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CIOs eye Dell-EMC merger with cautious optimism

Clint Boulton | Oct. 15, 2015
CIOs have mixed views of the blockbuster merger between Dell and EMC, two incumbent vendors struggling to boost market share in a world that is increasingly moving toward cloud services and mobile devices.

dell emc merger
Credit: Wikimedia

CIOs view Dell's $67 billion acquisition of EMC -- a merger of two incumbent vendors whose hegemonies have been challenged by tectonic shifts in enterprise computing -- with guarded optimism. They see potential in Dell and VMware offering private and hybrid cloud systems as alternatives to the public cloud services sold by Amazon Web Services, Microsoft and Google.

"There's been significant pressure on enterprise infrastructure with mobile and cloud," says Davie Finnegan, CIO of sporting good outfitter Orvis, which uses Dell computers and EMC storage gear. "In the short- to mid-term, [Dell and EMC] have the opportunity for local on-premises businesses because not everybody is in the cloud ... but everyone is going there in the longer term."

Tale of two struggling vendors

Dell and EMC are a marriage of two legacy vendors under siege by increasing corporate adoption of rented compute resources and consumer devices, as well as employees' preferences to use tablets and smartphones rather than PCs to communicate and collaborate. Dell has revamped its core business to reflect the changes, selling servers, storage and networking equipment, and software to construct and manage private and hybrid clouds. Meanwhile, activist investors have repeatedly called for a breakup of EMC, whose storage equipment has lost some of its shine among businesses moving to the cloud. Dell CEO Michael Dell, in an interview with CNBC Monday, summed up the digital disruption that drove the companies to merge:

Dell is a soft landing place for EMC. It’s a well-run company with good products  Glenn O'Donnell, Forrester Research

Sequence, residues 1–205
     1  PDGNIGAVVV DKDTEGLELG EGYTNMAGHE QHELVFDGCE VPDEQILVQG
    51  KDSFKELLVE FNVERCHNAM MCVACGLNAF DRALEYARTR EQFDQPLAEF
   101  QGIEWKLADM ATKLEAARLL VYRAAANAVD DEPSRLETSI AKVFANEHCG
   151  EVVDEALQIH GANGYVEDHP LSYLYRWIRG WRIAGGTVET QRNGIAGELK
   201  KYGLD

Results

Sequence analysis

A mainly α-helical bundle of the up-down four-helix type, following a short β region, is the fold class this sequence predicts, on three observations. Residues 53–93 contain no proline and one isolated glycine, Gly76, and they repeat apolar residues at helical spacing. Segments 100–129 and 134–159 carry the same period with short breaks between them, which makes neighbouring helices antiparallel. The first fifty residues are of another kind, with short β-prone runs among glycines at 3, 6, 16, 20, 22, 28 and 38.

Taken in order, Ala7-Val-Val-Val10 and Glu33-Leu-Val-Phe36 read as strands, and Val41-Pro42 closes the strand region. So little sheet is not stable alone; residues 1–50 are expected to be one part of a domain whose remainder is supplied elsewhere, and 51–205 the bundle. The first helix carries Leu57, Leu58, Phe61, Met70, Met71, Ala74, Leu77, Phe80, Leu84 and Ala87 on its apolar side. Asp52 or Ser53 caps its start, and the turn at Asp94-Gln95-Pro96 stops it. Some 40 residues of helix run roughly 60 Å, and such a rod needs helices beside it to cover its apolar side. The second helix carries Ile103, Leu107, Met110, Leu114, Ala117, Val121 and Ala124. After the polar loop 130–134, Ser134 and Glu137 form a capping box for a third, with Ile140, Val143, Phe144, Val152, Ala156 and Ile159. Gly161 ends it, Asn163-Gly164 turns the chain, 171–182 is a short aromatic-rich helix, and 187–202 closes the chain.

"IT for a long time has been about how to make old processes more efficient, but with all of the progress in digital technology, there is a kind of digital transformation that is occurring.” He says companies are looking to leverage the explosion in devices and applications, particularly concerning big data and the Internet of Things, to bolster their results. This, Dell says, puts pressure on legacy environments to enter this "new age."

CIOs have watched Dell and EMC’s changes from afar, conducting business with the companies while increasing their consumption of cloud services. But the massive merger portends change, even if its nature can't yet be quantified. Finnegan says he's optimistic about the merger means for Orvis, which he says is increasingly adopting a hybrid cloud computing model. Its point-of-sale system remains on premises, but it is in the process of moving its ERP and marketing systems to cloud services. He says he’s looking forward to what Dell and EMC build for a "guy like me that manages on-premises and cloud ... what are the tools and technology that they bring to the table that allows us to manage both really seamlessly?"


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